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The usual way to overcome friction is with a liberal coating of lubricant, whether it be some kind of oily liquid or a solid such as graphite.

But that’s a distinctly macroscopic solution. In recent years, however, physicists have become increasingly concerned with friction on the nanoscale. The problems arise in devices such as computer disc drives which can suffer stick-slip friction that is hard to overcome.

Today, Andrea Vanossi, at the University of Modena and Reggio Emilia, and a couple of pals investigate an interesting way of reducing friction on the nanoscale.

The idea, which has been around for a few years now, is to shake the surfaces involved. That makes sense on an intuitive level but exactly how this might reduce friction has never been fully investigated.

Vanossi and co examine the behaviour of a single tip, such as an atomic force microscope tip, in contact with a one-dimensional surface. In ordinary circumstances, the tip and the atoms on the surface arrange themselves in a way that minimises their energy. It is this energy barrier that causes stick-slip friction.

Overcoming friction is really a question of overcoming this barrier.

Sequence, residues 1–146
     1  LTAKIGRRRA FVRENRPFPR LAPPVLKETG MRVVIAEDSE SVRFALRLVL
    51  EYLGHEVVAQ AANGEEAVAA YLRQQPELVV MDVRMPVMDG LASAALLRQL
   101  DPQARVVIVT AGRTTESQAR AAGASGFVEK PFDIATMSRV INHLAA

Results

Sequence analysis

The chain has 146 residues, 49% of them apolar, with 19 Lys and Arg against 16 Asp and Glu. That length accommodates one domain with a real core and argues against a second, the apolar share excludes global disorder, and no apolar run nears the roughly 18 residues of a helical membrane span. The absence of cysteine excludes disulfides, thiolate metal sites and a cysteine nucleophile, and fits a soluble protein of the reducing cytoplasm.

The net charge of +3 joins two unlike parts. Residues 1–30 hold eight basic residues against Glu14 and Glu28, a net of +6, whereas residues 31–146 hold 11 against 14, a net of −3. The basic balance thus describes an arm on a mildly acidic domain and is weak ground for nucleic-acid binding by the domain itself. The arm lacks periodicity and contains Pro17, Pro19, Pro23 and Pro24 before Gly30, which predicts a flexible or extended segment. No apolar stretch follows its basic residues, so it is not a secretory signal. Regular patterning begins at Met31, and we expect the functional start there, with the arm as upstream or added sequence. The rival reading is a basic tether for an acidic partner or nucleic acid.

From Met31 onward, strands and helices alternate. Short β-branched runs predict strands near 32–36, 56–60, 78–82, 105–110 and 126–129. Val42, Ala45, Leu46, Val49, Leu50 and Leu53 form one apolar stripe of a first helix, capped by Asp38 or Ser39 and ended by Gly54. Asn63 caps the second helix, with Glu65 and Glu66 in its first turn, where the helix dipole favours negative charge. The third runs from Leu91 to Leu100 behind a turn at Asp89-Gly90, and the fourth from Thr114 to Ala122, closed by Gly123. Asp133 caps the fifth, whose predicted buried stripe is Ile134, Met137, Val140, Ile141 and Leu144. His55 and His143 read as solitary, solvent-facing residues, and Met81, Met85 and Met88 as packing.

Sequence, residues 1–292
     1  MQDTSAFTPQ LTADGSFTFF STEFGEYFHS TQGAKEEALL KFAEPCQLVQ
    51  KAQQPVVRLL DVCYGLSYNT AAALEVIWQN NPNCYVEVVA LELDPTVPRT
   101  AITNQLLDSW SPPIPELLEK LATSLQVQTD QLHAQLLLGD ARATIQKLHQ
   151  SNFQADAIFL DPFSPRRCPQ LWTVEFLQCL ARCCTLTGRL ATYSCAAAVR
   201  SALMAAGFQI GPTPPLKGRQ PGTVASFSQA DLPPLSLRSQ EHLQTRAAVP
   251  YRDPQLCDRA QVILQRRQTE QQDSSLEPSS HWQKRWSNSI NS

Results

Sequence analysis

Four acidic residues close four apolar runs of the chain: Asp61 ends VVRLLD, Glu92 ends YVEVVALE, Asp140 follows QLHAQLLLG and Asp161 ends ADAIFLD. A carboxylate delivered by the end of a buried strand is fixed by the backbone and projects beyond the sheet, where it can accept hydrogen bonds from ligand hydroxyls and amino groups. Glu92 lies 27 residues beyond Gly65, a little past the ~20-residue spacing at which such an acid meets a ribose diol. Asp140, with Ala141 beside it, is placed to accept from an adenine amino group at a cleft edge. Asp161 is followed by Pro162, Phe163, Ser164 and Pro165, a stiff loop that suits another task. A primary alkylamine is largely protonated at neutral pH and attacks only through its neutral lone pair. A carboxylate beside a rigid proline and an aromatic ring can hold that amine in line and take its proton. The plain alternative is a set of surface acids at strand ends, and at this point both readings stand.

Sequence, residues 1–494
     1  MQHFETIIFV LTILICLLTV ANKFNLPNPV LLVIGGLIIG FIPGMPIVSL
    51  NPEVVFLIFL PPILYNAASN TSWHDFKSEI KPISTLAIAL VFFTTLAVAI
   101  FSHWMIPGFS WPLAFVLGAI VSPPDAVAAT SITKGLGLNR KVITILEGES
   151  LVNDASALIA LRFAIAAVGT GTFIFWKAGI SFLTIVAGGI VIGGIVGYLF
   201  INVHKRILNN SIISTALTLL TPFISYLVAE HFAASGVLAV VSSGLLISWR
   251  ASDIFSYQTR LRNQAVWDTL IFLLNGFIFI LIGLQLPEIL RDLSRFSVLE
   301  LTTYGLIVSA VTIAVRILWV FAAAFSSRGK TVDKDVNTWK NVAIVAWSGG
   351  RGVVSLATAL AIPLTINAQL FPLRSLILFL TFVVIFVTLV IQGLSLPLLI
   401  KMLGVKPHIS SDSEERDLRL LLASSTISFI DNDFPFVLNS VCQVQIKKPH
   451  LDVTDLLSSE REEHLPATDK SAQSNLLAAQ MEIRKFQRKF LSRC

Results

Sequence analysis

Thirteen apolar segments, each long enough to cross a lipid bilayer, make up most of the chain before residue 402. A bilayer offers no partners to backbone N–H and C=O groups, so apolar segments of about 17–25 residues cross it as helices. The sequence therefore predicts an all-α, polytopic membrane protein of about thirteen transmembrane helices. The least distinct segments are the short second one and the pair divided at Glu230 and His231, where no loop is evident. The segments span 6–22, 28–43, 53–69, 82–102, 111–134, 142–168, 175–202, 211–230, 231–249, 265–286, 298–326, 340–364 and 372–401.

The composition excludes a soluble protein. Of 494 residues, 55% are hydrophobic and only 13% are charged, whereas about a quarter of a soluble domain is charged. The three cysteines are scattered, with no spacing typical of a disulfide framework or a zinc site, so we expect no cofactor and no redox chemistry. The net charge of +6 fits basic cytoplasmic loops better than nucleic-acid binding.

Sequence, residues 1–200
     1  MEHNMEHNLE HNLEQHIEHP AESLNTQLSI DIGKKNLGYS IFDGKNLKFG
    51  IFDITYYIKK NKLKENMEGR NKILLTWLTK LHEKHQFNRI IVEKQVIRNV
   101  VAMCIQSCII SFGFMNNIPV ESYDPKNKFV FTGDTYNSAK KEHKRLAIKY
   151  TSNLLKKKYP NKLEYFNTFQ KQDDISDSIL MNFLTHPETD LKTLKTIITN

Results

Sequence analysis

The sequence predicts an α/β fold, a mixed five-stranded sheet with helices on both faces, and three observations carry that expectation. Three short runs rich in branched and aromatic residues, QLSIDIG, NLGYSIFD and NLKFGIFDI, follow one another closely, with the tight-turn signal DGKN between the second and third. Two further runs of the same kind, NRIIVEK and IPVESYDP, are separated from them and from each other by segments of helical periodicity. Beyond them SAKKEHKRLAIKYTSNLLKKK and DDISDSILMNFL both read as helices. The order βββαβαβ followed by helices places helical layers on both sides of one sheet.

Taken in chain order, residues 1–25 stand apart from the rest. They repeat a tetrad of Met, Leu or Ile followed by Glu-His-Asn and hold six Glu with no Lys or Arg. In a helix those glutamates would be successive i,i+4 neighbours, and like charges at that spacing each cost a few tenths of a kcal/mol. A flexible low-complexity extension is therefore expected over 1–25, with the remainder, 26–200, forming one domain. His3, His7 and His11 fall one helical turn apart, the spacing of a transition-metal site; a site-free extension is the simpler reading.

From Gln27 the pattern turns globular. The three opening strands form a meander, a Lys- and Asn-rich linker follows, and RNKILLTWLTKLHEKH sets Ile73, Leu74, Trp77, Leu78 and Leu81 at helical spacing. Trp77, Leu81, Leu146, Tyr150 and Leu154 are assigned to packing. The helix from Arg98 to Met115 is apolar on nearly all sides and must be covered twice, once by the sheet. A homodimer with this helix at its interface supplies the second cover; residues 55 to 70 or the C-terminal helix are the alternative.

That’s where the oscillations turn out to be important. Shake the surface (or the tip) and this immediately raises the tip out of this minimum, allowing it to explore the energy landscape. This is equivalent to smooth sliding, or at least smoother sliding. Vanossi and co study the relationship between the friction and vibrations of various different frequencies and amplitudes.

So the vibration dramatically reduces friction. In fact, it essentially allows friction to be switched on and off.

But Vanossi and co have another interesting result. They say that once the oscillations have overcome stick-slip friction, they can help to maintain motion. In effect, the tip can ride the oscillations, like a surfer rides ocean waves.

That raises the prospect that the same mechanism that reduces friction could also help to move particles around surfaces, with appropriately designed waves.

That could turn out to be especially important for microelectromechanical devices. MEMS were once heralded as machines that would change the world but we are still waiting for this revolution largely because of the problem of ‘stiction’. Very often, these machines stick and remain stuck.

It’s just possible that a little careful shaking could help.

Ref: arxiv.org/abs/1106.2430: Controlling Microscopic Friction through Mechanical Oscillations

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